Hippos are very vocal animals, exchanging signals like the “wheeze honk”. But not much is known about what these sounds mean. Two researchers found themselves thinking about this in Mozambique – where they were initially studying crocodiles.
Hippos are quite territorial and aggressive – and fast-moving. So the researchers kept a fair distance away as they conducted their experiment. They recorded hippo noises and played them back to the animals, watching to see how the hippos behaved. If the call came from an unknown hippo in a different social group, the response appeared to be aggressive. If the call was one they recognised, they were less inclined to be aggressive.
One way hippos show aggression is to spray dung.
The meaning of hippo sounds is useful to know for conservation efforts. Hippos and humans sometimes come into conflict and need to be moved for their own survival. Before relocating them, conservation managers could play them the sounds of the hippos they will be meeting in their new location, to familiarise them.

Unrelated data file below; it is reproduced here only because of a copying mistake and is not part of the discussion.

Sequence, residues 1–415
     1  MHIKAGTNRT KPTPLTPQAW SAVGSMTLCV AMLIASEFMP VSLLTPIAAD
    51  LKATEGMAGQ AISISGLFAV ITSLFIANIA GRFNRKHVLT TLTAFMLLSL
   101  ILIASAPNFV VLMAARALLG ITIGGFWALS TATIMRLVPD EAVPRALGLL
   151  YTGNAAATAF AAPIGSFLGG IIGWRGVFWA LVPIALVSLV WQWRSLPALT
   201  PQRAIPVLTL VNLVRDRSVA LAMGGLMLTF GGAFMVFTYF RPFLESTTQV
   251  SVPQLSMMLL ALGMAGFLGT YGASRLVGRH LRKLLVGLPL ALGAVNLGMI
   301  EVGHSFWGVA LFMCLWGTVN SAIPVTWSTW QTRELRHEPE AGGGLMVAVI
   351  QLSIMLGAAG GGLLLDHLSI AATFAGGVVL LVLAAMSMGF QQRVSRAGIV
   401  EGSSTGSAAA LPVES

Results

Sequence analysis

In this episode of Pasha, Nicolas Mathevon, professor in animal behaviour and bioacoustics at the University of Saint-Etienne, and Paulo Fonseca, professor in acoustic communication at the University of Lisbon, take us through their experiences of listening to hippos in Mozambique.
Photo “Specie Hippopotamus amphibius family of Hippopotamidae.” by PACO COMO, found on Shutterstock
Music “Happy African Village” by John Bartmann, found on FreeMusicArchive.org licensed under CC0 1.
“African Moon” by John Bartmann, found on FreeMusicArchive.org licensed under CC0 1.
The researchers would like to thank the Maputo special reserve for allowing them to do the research on the property.